1) The exercise for self-generated movements aims at calming the brain through the involuntary movements of the limbs, thereby achieving a general adjustment of all bodily functions. It is a higher level Qigong exercise, more profound and more extensive than pure meditation or those exercises with conscious movements.
2) The self-generated movements are the outward signs of a natural process of biological adjustments and self-healing. This exercise sets the body off to search out and attack the ailments of the body. This is a more accurate, more suitable and more effective way of self-healing than consciously searching for ailments. It is called the ‘superior doctor’ not only because it is highly effective in curing ailments, but also because it has an even greater effect in preventing diseases.
3) It can help improve physical fitness and awaken potential intelligence.
4) When reaching a high level of this exercise, it can help to regulate the functions of the internal organs, as well as to harmonies with cosmic electric energy externally, through the consciousness of the practitioner.
The complementary functions of the internal organs and their relationships are represented by the ‘Five Beasts’ (Five Elements). These ‘beasts’ correspond to types of spontaneous movement observed. They are represented in the following diagram:
However, a note of caution is required when considering Qigong exercises involving spontaneous movements. They must not be carried out by those suffering from any of the following: mental illness, hemorrhage, high fever, very high blood pressure, acute cardiac disorder, malignant and growing tumors, broken bones, joint dislocation, convalescence after a major operation, acute gastric ulcers with frequent perforations, acute inflammation of the liver, lungs, kidneys and gall bladder, advanced tuberculosis, and for women: during menstruation, pregnancy and after giving birth. Similarly the exercise should not be carried out when one is very hungry, after a large meal, very tired, in anger or in ecstasy.
The movements which occur during the exercise should not be too exaggerated or too energetic; they should be suitably controlled and not too contrived. The duration of the exercise should not be too long. Generally speaking, it should last 20 to 30 minutes each time and no more than once or twice per day. Choose and open, quiet site for the exercise, where the air is fresh and the ground is flat. Do not exercise on a riverbank, boat, balcony, at great height or next to machinery.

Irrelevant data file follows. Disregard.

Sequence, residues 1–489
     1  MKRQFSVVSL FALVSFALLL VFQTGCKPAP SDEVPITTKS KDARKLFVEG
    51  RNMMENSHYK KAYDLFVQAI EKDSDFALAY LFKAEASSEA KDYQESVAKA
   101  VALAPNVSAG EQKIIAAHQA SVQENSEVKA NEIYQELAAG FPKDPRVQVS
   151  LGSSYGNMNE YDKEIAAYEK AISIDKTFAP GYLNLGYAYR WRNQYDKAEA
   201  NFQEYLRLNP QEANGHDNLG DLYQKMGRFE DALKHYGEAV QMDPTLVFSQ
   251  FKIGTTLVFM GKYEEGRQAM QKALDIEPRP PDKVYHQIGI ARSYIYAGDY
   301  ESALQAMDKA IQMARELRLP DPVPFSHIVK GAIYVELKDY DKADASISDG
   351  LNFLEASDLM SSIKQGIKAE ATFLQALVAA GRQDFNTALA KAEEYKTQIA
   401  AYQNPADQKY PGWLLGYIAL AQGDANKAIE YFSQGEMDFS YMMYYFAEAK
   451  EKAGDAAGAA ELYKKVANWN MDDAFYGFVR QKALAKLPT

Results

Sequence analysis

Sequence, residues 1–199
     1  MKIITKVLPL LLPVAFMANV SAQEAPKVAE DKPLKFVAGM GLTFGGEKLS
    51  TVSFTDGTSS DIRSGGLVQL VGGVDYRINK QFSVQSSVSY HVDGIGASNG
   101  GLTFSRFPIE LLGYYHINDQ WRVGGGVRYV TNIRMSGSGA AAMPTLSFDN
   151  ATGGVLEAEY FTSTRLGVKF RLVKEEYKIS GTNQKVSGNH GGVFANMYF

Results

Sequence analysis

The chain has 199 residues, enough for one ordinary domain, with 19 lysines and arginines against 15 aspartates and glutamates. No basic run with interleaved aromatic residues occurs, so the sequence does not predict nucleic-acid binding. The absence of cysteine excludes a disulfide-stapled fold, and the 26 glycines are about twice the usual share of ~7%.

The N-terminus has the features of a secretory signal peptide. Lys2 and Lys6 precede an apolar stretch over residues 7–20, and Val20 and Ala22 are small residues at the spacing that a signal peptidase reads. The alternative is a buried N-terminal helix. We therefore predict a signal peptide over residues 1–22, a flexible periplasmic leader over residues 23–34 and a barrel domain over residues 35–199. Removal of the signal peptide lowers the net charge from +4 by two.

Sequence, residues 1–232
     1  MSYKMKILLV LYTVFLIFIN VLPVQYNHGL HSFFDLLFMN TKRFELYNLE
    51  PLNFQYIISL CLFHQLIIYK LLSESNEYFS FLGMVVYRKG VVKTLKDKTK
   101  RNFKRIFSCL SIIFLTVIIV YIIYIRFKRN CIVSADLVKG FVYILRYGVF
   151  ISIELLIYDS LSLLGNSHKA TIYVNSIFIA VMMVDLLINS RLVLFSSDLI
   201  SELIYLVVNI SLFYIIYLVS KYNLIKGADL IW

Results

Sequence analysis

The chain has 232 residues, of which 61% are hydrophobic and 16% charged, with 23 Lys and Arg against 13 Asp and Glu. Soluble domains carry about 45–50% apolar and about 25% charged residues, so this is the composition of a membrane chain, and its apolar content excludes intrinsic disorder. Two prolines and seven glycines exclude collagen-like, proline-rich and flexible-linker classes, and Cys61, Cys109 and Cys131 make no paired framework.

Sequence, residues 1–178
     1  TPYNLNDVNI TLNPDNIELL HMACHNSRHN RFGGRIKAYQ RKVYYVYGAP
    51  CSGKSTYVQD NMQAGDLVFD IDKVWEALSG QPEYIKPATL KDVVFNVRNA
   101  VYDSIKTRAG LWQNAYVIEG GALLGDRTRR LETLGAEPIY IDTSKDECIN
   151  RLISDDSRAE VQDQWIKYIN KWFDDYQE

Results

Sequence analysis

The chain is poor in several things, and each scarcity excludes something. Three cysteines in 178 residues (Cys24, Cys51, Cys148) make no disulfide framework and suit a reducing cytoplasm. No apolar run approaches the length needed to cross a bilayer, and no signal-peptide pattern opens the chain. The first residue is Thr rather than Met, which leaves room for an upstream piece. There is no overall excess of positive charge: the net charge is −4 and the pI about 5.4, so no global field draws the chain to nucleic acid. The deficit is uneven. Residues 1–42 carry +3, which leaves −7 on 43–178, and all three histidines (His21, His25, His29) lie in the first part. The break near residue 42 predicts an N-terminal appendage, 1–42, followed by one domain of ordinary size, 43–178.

In addition, do not lightly undertake to teach others exercises of this type. Those qualified to do so must be well versed in the exercise, possess a certain level of medical knowledge and have confidence in the correct transmission of both the theoretical and practical aspects of the exercise. They must also be well aware of the safety measures for preventing errors. Above all, they must be familiar with the external manifestations of the internal movements of energy so as to know how to deal calmly with different the phenomena which arise during the exercise.
Beyond Zi Fa Gong one can go on to practice forms of Qigong such as Guanxiang Fa. The main theory and method of this practice is to observe (quanxiang/mingxaing) and contemplate (cunxiang/cunsi) a certain imagery when one is in the Qigong state. Both are methods of concentrating one’s thought on the contemplation of a certain part of the body, or of a particular imagery of an object and its changes. The practice of the advanced level of internal exercises is a mainly a mental exercise. The most common ones being the Yi Shou Fa and Guanxiang Fa. The function of Yi shou Fa is to meditate and consolidate the chi. It is thus an internal, closed method for practicing Ming Gong. Guanxiang Fa on the other hand can be applied to reflect on the internal body and its organs, as well as to envisage freely all the things in the universe. In other words, it can be closed and internal or open and outgoing. Not only can it be employed from meditation and consolidation of chi, thereby improving one’s physical health and curing diseases, it can also be employed as a vehicle to reach the channel through which all things in nature unite with the universe – thereby attaining the stage of Xing Gong to elevate, improve and stimulate the functions of the brain.
The theory of Guanxiang Fa is based on the natural flow and evolution of the universe as perceived through Chinese culture, the central tenet of which being the unification of man with nature. Ancient people believe that all things had their origin in the Dao. The Dao is the most primeval and essential of existence, it permeates every corner of the universe providing a basis for the creation of all things. It is said: “The Dao begets one